Customers being ripped-off by holiday 'offers'

Every year, for as long as I can remember, straight after the Christmas period has ended we are bombarded with wall-to-wall advertising for summer holidays. It’s not surprising really. People’s thoughts are turned away from celebrating the festive season and all we have to look forward to is several months of horrible British winter weather.
So naturally people want to cheer themselves up with thoughts of a lovely relaxing holiday in a warm foreign country.
But holiday companies that advertise time-limited offers might be misleading customers (and even breaking the law) according to new research by the UK consumer group Which?
Many tour operators promote money-off deals if customers book by a certain date. But the research by Which? found that half the holidays were the same price (or even cheaper) AFTER the offer had expired.
Which? looked at 30 examples over a three-week period in July and August 2017. In 16 of those cases, it discovered that prices were actually lower (or the same) AFTER the offer had ended.
For example, Virgin Holidays advertised seven nights in a Florida hotel for £792 per person, if it was booked by 17th August. But the day after the sale had ended, the price dropped to £677 per person - a saving of £230 for two people sharing.
In another example, during October the Caribbean resort Sandals advertised an all-inclusive break to Jamaica from £1,465 per person. Yet the day after the "mega sale" ended, the price dropped by another £50 a person.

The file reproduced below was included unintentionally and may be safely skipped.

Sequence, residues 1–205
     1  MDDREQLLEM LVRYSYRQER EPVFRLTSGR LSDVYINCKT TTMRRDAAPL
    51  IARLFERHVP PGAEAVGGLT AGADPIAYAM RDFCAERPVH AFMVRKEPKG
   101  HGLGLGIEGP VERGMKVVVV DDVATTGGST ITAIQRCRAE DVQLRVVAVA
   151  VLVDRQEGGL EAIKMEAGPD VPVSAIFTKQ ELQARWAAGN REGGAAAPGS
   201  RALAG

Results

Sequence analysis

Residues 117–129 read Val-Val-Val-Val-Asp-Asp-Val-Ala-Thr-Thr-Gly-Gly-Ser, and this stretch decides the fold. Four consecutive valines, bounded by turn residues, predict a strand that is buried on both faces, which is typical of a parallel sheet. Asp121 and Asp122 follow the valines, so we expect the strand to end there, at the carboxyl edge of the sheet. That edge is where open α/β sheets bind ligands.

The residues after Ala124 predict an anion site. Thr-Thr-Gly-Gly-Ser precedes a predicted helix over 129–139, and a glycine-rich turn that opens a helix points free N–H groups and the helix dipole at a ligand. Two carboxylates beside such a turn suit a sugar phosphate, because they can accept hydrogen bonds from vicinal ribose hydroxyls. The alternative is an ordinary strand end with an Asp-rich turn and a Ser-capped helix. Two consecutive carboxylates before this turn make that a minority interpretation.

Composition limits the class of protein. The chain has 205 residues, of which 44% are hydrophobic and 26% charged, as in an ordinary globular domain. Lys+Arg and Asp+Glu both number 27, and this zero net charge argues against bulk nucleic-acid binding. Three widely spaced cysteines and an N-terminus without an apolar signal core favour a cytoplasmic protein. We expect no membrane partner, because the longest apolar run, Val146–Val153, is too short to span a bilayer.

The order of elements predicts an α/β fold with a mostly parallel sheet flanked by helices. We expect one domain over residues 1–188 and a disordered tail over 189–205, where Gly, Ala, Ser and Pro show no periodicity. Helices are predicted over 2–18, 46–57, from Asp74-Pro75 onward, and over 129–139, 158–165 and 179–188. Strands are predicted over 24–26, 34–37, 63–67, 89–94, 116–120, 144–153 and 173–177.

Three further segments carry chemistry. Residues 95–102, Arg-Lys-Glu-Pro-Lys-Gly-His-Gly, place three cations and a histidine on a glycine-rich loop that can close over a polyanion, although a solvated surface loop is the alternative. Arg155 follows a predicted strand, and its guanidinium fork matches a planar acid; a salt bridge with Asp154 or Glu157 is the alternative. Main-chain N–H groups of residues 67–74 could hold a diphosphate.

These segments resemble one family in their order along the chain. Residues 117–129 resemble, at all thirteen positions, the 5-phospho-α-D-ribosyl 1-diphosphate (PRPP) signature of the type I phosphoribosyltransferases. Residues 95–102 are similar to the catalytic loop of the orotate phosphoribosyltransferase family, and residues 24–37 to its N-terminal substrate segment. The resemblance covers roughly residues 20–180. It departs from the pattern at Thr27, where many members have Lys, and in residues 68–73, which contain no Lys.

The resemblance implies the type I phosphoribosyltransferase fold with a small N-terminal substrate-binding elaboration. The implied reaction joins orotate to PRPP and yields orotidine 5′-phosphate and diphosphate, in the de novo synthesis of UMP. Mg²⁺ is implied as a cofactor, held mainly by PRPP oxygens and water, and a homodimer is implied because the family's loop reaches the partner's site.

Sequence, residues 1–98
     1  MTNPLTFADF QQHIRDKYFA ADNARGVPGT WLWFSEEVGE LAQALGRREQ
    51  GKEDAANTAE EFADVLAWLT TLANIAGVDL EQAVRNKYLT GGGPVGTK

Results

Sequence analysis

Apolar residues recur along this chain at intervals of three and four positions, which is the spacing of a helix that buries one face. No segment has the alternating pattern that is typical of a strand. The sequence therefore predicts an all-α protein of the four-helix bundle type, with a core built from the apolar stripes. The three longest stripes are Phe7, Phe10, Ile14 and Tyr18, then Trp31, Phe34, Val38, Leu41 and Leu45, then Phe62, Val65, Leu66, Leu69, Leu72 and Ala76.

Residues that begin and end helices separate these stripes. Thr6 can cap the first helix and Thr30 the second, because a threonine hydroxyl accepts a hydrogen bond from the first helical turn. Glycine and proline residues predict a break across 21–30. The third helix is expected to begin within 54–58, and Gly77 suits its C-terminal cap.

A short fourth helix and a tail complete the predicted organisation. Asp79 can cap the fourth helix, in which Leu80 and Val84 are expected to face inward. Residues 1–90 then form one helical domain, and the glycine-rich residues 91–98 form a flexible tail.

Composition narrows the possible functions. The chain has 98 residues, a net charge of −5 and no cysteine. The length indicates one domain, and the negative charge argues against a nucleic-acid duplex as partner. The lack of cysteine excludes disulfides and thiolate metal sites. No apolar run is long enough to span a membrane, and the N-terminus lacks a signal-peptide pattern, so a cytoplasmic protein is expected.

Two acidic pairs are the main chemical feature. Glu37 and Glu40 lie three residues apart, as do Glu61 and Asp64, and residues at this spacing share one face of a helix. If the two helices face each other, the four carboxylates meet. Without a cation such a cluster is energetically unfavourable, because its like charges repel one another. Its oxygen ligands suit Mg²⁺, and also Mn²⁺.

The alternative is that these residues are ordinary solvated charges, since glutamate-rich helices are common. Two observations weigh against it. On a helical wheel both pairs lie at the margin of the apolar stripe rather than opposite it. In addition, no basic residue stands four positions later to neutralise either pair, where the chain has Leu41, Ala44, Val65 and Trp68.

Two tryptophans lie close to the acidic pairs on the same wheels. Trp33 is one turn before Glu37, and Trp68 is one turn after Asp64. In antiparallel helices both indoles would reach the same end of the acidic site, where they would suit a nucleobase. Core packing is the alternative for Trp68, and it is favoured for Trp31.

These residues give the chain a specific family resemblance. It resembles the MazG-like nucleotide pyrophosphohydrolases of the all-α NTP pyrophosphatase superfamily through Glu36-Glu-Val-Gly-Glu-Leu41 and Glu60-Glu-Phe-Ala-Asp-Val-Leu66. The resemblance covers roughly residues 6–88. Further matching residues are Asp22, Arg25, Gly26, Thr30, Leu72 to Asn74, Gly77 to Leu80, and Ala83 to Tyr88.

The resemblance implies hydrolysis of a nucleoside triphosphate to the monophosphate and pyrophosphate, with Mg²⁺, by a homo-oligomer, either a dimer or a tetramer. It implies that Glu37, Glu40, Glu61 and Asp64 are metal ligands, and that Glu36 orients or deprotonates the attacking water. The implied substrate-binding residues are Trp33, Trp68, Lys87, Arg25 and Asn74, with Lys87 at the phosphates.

Virgin Holidays said: "We're always looking to secure the best possible value for our customers - and should we be able to obtain better offers from our suppliers, these savings will be passed on to benefit the customer."
As a result of this research, customers are being advised to take their time before booking a holiday. According to the Travel Editor Rory Boland: "Most of the time-limited deals we looked at are nothing of the sort. The tight deadlines, emotive language and countdown clocks are all designed to rush us into making a decision, but it might not be the right one. Don't be fooled - compare prices with other holiday companies and travel agents to check savings are genuine."
But the Association of British Travel Agents (ABTA) claim that most of its members follow its code of conduct, which stipulates that promotions should not be misleading. According to an ABTA spokesperson: "The Which? findings relate to a small number of instances, and we do not believe they are reflective of wider travel industry practice. The number of complaints we receive each year about holiday pricing is very low - indicating that the majority of price advertising is trustworthy."
But ABTA are missing a very important point. Few people bother to check the prices AFTER they have already booked their holiday. So they wouldn’t actually realise they were being ripped off. Therefore it is little surprise that there are only a small number of people complaining about holiday prices, because they wouldn’t even be aware that other people have booked the same holiday at a cheaper price after the ‘special offer’ has ended.

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